Ex-Nicaragua rebel convicted of conspiring against Ortega
MANAGUA, Nicaragua (AP) — Former Sandinista rebel commander Dora María Téllez, one of dozens of political detainees rounded up last year by Nicaragua’s government, was convicted after a trial lasting only a few hours, a lawyers group said Thursday.
The Judicial Defense Unit, a coalition of lawyers, said the trial was held in the infamous Chipote prison, where 39 of the political opponents of her onetime ally, President Daniel Ortega, have been held for months.
The lawyers said Judge Ángel Fernández declared Téllez guilty of “conspiracy to undermine national integrity” and recommended she be sentenced to 15 years in prison.
Téllez, 65, led an assault on the National Palace in 1978 during the Somoza family dictatorship, holding congress members hostage in exchange for the release of rebel prisoners. Following Anastasio Somoza’s overthrow the next year, Téllez served as health minister in the first Sandinista government, which was led by Ortega from 1979 to 1990.
She later split with Ortega and became a leader of the opposition Sandinista Renovation Movement. The former leader of that movement, Ana Margarita Vijil, was found guilty of the same charge in a similar trial Wednesday.
Also convicted Thursday was former student protest leader Lesther Alemán. The Nicaraguan University Alliance, Alemán’s group, said his trial lasted a total of six hours.
Lawyer Vilma Núñez, who leads the Nicaraguan Human Rights Center, had predicted the hearings would be only for show, with the outcomes already concluded.
“This looks like it will be pre-ordained convictions of innocent people,” Núñez said.
“Nobody should be confused. These are not trials,” Núñez said. “These are repressive farces that the regime uses to issue convictions and continue to intimidate the people.”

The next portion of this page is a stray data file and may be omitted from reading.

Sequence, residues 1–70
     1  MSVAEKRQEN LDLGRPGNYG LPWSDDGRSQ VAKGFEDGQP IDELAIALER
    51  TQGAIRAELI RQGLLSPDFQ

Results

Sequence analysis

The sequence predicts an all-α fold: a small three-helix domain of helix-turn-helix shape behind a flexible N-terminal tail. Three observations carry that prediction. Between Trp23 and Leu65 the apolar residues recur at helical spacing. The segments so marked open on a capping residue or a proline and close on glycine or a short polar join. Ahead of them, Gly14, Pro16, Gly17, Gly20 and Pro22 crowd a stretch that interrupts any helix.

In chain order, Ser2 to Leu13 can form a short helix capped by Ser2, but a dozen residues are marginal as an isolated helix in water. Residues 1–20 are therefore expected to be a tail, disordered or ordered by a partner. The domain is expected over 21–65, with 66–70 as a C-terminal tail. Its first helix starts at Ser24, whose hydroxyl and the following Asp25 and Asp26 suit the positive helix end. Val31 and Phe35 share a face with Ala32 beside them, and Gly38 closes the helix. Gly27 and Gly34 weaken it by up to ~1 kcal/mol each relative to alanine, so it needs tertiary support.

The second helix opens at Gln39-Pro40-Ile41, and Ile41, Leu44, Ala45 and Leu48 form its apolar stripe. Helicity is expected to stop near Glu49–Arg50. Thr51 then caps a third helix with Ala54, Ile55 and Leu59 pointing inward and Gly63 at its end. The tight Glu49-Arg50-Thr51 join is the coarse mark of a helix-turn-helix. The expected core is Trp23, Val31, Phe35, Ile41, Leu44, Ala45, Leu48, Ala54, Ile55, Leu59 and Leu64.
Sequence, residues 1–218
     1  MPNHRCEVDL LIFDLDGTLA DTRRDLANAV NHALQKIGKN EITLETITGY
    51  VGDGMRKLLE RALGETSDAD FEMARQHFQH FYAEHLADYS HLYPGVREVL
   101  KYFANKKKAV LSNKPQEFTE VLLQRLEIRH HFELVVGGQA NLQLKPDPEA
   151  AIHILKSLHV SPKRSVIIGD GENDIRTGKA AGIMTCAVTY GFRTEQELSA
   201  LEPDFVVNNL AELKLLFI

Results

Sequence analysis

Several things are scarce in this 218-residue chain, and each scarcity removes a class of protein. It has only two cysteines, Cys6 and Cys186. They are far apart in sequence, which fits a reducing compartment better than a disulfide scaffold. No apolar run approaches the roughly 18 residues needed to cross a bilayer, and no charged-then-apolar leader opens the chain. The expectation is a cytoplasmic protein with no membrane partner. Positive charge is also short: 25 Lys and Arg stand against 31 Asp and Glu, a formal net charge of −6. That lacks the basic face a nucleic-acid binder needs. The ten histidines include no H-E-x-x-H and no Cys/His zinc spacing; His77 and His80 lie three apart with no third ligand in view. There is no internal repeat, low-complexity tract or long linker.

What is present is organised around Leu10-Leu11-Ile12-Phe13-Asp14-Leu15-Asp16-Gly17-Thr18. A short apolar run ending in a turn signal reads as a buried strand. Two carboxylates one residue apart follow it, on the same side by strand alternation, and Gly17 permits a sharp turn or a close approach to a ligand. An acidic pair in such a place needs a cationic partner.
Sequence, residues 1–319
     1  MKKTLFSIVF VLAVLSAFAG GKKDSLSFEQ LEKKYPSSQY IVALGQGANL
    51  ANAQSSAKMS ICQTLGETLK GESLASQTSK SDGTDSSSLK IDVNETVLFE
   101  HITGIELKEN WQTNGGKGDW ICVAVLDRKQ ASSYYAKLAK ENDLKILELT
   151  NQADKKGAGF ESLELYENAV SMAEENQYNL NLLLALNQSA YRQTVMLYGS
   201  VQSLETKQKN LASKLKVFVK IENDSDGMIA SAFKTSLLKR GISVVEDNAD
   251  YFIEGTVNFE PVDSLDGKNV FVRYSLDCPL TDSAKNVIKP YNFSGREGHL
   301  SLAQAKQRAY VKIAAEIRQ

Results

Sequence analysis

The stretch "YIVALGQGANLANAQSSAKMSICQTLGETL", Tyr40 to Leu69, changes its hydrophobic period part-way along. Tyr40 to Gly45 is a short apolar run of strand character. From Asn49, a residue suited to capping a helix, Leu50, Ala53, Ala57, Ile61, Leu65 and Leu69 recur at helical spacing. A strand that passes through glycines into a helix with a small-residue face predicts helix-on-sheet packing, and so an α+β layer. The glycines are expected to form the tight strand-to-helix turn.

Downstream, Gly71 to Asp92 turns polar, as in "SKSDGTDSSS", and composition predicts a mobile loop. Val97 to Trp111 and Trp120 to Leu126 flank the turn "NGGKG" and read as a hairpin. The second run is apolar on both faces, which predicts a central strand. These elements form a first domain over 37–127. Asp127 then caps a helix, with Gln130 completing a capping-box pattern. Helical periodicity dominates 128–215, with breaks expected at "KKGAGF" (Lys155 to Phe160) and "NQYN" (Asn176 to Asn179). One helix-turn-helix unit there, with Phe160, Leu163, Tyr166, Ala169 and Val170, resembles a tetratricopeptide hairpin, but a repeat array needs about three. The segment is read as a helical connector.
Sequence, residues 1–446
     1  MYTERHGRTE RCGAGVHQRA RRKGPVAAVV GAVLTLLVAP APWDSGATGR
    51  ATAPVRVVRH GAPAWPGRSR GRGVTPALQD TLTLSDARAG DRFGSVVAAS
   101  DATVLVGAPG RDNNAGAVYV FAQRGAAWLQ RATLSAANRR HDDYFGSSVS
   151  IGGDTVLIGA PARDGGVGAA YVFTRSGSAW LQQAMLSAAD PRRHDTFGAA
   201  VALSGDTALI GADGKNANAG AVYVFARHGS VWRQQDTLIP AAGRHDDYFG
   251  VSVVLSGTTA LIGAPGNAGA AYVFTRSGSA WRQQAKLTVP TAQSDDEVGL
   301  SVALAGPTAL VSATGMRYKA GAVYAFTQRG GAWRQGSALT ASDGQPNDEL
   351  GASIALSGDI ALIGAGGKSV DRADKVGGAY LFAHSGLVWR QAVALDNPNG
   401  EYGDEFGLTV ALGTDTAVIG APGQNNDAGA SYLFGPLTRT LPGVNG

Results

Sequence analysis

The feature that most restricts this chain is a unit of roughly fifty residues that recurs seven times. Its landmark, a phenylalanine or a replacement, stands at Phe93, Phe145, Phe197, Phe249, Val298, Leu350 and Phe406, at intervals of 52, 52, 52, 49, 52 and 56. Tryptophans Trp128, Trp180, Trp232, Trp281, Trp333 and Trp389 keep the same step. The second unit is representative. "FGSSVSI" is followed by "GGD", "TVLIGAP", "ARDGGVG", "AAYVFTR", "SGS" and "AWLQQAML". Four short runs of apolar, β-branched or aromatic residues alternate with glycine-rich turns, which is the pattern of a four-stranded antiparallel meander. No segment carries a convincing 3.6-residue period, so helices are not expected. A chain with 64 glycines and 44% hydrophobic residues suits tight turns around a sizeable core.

Núñez spoke Monday, after prosecutors announced they were starting trials for 46 political figures arrested between May and June, in the run-up to Nicaragua’s Nov. 7 presidential election.
They include seven people who had been considered potential candidates to challenge Ortega, who ran essentially unopposed and won a fourth term in the November vote, which was widely criticized as a farce. It was called illegitimate by the United States, European Union and the Organization of American States General Assembly.
Relatives have said the 39 prisoners kept in prison since being arrested have been subjected to isolation, constant interrogations and insufficient food. The seven others are under a form of house arrest.
U.S. Assistant Secretary of State Brian Nichols said in congressional testimony Thursday that Ortega’s abuse of Nicaragua’s justice system to imprison opponents in “horrific conditions” without adequate food and harsh sentences would have consequences ranging from U.S. sanctions to its possible expulsion from the OAS.
“They are on the road to expulsion from the Organization of the American States with the direction they are going,” he said, adding that Ortega hadn’t responded to the OAS secretary general’s request for a meeting to discuss concerns about the state of democracy in the country.
The ruling Sandinista Front and its allies control Nicaragua’s congress and all government institutions. After leading the revolutionary government, Ortega served as president from 1985 to 1990, before being re-elected to power in 2007.